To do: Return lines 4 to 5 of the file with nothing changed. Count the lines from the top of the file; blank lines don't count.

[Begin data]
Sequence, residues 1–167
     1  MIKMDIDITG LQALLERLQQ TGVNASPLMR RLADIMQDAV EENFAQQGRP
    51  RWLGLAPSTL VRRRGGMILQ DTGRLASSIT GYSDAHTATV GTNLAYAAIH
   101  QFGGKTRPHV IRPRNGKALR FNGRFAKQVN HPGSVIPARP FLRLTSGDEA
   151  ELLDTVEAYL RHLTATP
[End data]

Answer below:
   101  QFGGKTRPHV IRPRNGKALR FNGRFAKQVN HPGSVIPARP FLRLTSGDEA
   151  ELLDTVEAYL RHLTATP